When Arthur and Rose were little, they were heroes in the Land of Roar, an imaginary world that they found by climbing through the folding bed in their grandad’s attic. Roar was filled with things they loved – dragons, mermaids, ninja wizards and adventure – as well as things that scared them (including a very creepy scarecrow. . .)
Now the twins are eleven, Roar is just a memory. But when they help Grandad clean out the attic, Arthur is horrified as Grandad is pulled into the folding bed and vanishes. Is he playing a joke? Or is Roar . . . real?
Ah, the creeping, crushing feeling of feeling like your friends are growing up without you. Remember that? Jenny McLachlan amps that up by making Arthur, our protagonist, face the maturation of his twin sister, Rose. Arthur has to navigate the hurt that comes from being inseparable to Rose ditching him for her friends at every chance.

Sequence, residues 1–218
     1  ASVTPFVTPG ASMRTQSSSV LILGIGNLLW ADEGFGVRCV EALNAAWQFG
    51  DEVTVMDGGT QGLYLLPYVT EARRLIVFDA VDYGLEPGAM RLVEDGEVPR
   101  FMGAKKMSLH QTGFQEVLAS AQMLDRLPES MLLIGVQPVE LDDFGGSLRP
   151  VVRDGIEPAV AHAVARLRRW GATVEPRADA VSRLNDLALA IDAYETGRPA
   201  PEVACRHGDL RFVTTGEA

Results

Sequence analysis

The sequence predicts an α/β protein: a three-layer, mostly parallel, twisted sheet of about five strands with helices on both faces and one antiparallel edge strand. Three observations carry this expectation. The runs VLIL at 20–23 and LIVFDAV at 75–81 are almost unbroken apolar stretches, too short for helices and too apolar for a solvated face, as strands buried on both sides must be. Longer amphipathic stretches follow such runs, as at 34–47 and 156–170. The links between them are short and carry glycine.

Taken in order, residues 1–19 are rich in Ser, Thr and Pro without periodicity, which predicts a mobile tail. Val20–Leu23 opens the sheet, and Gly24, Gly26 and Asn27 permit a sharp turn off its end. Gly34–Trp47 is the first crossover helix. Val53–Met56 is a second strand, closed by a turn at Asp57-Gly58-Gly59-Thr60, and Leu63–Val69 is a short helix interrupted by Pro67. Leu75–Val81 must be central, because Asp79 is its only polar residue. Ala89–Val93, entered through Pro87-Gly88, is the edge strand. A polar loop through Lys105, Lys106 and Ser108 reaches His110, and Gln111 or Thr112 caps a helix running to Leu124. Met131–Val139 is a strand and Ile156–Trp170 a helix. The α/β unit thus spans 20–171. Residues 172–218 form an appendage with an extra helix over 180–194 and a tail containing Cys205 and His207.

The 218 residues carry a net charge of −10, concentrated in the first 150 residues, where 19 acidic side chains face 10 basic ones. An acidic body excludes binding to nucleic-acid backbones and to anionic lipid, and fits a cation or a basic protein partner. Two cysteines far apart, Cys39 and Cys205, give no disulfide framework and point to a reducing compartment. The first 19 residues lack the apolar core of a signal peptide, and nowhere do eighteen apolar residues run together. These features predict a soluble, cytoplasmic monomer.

When the twins stay with their grandfather for the summer, he asks them to help him clear out the attic. This brings up some nostalgic memories about the imaginary land, Roar, that Arthur and Rose discovered by climbing through the folding bed in their grandad’s attic. Of course, when grandpa gets eaten by the bed, they are forced to confront the idea that maybe Roar wasn't so imaginary.
I loved the sibling dynamics at play. I was rooting for Arthur at every step of the way and experienced the utmost satisfaction when Rose finally got on board the Roar train.
This is a book about the magic of imagination, the uncertainty of growing up and the special bond that siblings have. It's also about magic and magical creatures. never forget that.
This is perfect reading for adventurous children looking for a world filled with ninjas, dragons, creepies and adventure! it's a fantastic start to the series.